Posted By: Amy Tubb
25th January 2022
3 minute read
Guest blog by Anya Sizer, Regional Organiser for Fertility Network UK
With one in six couples facing problems conceiving, infertility will be part of the story for many parents. It is therefore vital that we look at the implications of this and what best practice might look like when offering mental health support.
Although infertility is a relatively common experience, with 3.5 million people affected per year in the UK, and one which cuts across ethnicities and socio-economic backgrounds, it is nevertheless one of the biggest emotional challenges a person will face.
Fertility Network UK conducted research with Middlesex University which showed that 90% of people facing long-term infertility stated that they had experienced depression, and 42% had reported feeling suicidal. The reality is that for many people this will be a source of long-term stress and anxiety, and sadly one that will impact even after the hugely desired outcome of a pregnancy is achieved.
Pregnant patients we speak to report an inability to switch off from the concept of infertility and to simply “enjoy” the pregnancy, even if those around them may pressure them to do so. Instead, for many, it is seen almost as a continuation of the fertility process with levels of anxiety in early pregnancy especially high. The distress experienced during treatment, especially when over a long period of time can certainly have a negative impact on the experience of pregnancy and parenting. There is often also a huge disparity between the image and the actual experience of motherhood which can also cause considerable upset to the new parent.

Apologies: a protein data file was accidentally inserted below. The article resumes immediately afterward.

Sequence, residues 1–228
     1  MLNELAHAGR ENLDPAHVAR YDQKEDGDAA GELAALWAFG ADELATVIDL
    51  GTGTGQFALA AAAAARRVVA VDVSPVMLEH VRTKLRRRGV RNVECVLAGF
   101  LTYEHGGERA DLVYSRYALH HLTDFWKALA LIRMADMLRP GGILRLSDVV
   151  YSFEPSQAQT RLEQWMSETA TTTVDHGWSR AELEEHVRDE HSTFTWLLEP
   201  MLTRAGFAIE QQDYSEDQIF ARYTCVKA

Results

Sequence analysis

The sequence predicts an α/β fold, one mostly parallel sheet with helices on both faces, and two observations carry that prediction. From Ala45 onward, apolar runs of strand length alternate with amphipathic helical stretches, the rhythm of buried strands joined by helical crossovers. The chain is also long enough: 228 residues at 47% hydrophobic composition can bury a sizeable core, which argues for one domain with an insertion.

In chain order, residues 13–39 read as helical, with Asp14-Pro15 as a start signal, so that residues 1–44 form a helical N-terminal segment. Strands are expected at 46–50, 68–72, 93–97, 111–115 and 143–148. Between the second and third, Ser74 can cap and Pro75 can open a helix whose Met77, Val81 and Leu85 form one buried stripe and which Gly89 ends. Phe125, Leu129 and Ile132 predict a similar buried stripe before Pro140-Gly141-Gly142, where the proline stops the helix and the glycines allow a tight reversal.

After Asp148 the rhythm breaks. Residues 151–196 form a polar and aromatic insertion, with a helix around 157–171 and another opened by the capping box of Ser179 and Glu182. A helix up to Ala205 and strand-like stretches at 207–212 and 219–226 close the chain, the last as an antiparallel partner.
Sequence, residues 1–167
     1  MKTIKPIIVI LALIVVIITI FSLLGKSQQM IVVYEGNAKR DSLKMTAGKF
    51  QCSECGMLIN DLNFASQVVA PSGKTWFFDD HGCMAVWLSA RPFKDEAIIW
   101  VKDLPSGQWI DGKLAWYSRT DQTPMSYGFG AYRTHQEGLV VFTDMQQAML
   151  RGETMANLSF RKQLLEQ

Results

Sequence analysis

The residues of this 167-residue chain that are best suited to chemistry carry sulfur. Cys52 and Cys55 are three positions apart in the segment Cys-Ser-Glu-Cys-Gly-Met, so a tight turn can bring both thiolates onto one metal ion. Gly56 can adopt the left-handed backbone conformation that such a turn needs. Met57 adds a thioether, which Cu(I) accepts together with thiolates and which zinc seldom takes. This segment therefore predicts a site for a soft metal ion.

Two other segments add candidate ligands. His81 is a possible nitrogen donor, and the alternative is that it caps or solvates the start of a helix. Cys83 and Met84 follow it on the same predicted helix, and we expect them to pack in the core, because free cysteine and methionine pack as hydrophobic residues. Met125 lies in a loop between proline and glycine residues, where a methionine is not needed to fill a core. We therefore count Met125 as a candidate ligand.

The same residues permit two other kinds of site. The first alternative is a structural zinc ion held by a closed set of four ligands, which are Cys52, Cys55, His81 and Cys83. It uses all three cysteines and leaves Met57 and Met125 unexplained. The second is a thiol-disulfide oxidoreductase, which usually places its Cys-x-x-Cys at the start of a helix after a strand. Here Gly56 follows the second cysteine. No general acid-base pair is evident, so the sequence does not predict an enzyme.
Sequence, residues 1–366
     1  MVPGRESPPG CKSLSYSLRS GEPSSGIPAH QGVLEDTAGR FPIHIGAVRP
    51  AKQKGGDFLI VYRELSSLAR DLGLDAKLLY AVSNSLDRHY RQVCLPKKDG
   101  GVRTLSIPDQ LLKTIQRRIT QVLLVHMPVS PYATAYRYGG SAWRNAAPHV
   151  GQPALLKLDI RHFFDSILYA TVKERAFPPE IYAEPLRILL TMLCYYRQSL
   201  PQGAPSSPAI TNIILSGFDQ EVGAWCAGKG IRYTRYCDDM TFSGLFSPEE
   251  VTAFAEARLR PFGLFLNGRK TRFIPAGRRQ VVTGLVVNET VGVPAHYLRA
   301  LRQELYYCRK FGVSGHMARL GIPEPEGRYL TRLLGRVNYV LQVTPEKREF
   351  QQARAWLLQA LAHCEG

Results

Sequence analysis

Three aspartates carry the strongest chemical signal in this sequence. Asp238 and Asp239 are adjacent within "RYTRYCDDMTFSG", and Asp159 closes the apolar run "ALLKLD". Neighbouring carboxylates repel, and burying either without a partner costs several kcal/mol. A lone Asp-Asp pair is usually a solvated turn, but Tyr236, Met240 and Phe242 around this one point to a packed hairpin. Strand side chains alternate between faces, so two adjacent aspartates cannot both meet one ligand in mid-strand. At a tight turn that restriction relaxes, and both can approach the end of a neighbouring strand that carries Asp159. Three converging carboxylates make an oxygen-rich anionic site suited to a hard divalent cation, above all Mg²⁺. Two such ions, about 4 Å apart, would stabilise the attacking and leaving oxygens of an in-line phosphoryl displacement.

In addition, there is often an unwillingness to reach out for help during this time. Patients report a perception that they ought to be grateful that treatment has worked alongside the isolation experienced during infertility. This potentially combines to cause an inability to ask for help or support at this crucial stage.
It is reassuring, however, to note that despite this level of anxiety attachment issues with pregnancy itself tend to occur only in the early stages with little difference postnatally between fertility treatment and those with natural conception. There is also little difference in terms of warmth and empathy between the two sets of parents. However, one area that is of note is the increase in a more controlling style of parenting after treatment. Again, as a charity, this finding is of little surprise to us as so much of the experience of those struggling to conceive is framed as a “loss of control” for the individual.
There are some wonderful support structures out there from the Donor Conception Network, which provides support at all stages of donor assisted conception, to Saying Goodbye charity, which supports after baby loss no matter when that has occurred, and finally via Fertility Network UK. Amongst many other services, we support new parents during and after fertility treatment.
With support, care and understanding, our hope is that the experience of parenting for those following successful treatment can finally be a positive one.
More perinatal mental health resources can be found in the MMHA Resource Hub. However, the MMHA recognises that literature on infertility and its impact on parental mental health is currently lacking in our Hub. We are working with Fertility Network UK, one of our newest members, to rectify this and continue to raise awareness of mental health before, during and after pregnancy, whatever the outcome.
If you know of any resources we should feature, please email firstname.lastname@example.org.
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